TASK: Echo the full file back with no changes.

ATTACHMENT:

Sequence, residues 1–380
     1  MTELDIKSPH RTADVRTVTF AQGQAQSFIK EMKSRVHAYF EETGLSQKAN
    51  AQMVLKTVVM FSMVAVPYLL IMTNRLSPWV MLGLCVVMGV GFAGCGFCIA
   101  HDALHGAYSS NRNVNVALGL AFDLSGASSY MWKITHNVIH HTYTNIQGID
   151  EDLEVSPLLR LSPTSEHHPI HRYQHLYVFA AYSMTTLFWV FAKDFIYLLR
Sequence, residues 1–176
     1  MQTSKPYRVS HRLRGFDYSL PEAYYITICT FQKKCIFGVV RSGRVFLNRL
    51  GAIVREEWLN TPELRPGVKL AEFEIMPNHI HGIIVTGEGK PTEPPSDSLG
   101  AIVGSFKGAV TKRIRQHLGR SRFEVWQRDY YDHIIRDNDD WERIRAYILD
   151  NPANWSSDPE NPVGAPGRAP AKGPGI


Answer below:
Sequence, residues 1–380
     1  MTELDIKSPH RTADVRTVTF AQGQAQSFIK EMKSRVHAYF EETGLSQKAN
    51  AQMVLKTVVM FSMVAVPYLL IMTNRLSPWV MLGLCVVMGV GFAGCGFCIA
   101  HDALHGAYSS NRNVNVALGL AFDLSGASSY MWKITHNVIH HTYTNIQGID
   151  EDLEVSPLLR LSPTSEHHPI HRYQHLYVFA AYSMTTLFWV FAKDFIYLLR
Sequence, residues 1–176
     1  MQTSKPYRVS HRLRGFDYSL PEAYYITICT FQKKCIFGVV RSGRVFLNRL
    51  GAIVREEWLN TPELRPGVKL AEFEIMPNHI HGIIVTGEGK PTEPPSDSLG
   101  AIVGSFKGAV TKRIRQHLGR SRFEVWQRDY YDHIIRDNDD WERIRAYILD
   151  NPANWSSDPE NPVGAPGRAP AKGPGI